In the United States, the Federal Government does not have the authority to issue a divorce. Individual states have the only authority over issuing the acceptance of a marriage, and issuing its desolution; known as a divorce. This, then, raises the question of which state can you get divorced in?
All states have rules covering jurisdiction in the matter of divorce. This is typically a time frame the person filing the divorce has lived in the state in question. Most states require the person filing for a divorce to be a physical resident of the state for six months. Some states require twelve months and some states, like Nevada, only require six weeks. Without proper jurisdiction a state cannot issue a divorce.
In California, either you or your spouse must have been a resident of the state for at least six months prior to filing. You must also have lived for a minimum of three months in the county where you are filing for divorce.
Under a no-fault divorce system the dissolution of a marriage does not require an allegation or proof of fault of either party. Only three states (Mississippi, South Dakota and Tennessee) require mutual consent (in Tennessee it is needed only in certain circumstances) for a no-fault divorce to be granted. No-fault grounds for divorce include incompatibility, irreconcilable differences, and irremediable breakdown of the marriage.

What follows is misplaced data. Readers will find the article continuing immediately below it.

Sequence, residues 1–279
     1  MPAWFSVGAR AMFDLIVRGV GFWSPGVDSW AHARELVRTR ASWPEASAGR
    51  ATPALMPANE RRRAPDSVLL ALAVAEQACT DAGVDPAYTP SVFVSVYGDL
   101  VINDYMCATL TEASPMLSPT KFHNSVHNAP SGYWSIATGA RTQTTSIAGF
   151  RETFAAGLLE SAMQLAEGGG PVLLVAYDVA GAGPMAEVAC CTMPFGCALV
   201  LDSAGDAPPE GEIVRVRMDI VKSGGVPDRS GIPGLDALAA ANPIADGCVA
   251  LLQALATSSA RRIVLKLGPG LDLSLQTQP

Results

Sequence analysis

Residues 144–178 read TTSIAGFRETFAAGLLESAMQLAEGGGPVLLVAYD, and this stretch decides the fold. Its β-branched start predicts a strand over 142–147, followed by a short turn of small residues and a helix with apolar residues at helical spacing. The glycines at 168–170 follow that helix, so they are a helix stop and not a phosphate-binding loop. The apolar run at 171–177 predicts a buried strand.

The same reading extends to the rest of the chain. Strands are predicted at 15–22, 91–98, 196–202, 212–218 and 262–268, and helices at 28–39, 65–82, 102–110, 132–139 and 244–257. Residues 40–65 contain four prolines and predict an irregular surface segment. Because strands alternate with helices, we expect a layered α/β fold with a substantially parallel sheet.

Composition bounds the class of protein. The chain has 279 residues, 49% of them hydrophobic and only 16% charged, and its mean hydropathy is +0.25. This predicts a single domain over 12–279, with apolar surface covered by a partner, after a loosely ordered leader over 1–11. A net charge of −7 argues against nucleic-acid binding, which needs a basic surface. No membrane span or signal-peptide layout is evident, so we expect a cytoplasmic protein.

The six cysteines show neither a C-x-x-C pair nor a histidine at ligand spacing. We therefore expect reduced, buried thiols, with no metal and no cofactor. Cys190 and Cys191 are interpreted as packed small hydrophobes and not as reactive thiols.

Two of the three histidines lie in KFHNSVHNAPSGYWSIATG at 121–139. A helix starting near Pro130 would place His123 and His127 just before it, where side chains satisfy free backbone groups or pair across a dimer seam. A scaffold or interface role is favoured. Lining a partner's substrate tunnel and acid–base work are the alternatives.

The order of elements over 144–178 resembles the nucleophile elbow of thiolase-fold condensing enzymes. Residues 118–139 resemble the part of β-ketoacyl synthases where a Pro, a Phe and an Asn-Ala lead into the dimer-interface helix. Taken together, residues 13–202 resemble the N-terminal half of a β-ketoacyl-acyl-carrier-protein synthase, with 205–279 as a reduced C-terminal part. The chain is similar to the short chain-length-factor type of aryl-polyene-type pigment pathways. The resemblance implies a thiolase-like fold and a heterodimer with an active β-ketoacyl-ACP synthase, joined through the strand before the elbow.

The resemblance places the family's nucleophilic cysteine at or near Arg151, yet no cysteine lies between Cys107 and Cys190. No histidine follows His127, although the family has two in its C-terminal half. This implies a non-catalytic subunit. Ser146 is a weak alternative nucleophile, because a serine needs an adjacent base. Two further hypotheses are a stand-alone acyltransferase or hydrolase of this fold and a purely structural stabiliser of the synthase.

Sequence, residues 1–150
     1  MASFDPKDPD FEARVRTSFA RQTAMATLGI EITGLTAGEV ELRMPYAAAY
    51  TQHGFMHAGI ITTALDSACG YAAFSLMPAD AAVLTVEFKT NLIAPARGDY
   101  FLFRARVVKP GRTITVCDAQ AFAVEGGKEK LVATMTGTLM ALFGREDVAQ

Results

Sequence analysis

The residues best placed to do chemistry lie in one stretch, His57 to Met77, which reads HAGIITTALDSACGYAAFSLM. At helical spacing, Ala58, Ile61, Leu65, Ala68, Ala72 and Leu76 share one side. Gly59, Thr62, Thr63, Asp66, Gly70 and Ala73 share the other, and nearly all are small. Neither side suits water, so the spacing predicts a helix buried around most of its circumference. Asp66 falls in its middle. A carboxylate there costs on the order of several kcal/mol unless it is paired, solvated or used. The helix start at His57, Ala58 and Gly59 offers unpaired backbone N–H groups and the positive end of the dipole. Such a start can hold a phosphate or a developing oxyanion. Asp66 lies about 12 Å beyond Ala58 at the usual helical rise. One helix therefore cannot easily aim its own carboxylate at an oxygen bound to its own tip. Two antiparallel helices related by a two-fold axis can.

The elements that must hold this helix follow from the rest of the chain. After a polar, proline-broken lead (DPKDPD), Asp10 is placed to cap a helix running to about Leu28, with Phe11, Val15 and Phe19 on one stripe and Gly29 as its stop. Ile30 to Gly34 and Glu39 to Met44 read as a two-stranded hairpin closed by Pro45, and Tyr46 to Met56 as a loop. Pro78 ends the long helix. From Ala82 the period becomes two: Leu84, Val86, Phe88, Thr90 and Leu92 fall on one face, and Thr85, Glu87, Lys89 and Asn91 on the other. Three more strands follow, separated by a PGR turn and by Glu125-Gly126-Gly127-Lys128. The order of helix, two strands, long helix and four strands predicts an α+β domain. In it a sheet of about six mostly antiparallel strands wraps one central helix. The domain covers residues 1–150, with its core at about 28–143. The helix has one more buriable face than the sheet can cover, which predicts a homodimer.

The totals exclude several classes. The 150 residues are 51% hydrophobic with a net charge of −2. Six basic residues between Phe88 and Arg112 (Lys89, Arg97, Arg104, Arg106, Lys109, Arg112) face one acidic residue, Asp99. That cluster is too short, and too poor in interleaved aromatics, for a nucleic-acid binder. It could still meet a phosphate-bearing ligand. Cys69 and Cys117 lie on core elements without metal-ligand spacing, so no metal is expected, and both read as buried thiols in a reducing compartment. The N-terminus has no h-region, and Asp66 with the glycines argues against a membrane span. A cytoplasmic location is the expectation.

California’s Family Law Act of 1969
California adopted no-fault divorce with the Family Law Act of 1969, which became effective January 1, 1970. The Act abolished California’s action for divorce and replaced it with a proceeding for dissolution of marriage on the grounds of irreconcilable differences. The grounds of irreconcilable differences are accepted as true, and can be based on the assertions of one of the parties to the marriage.
Source: Wikipedia, the online encyclopedia.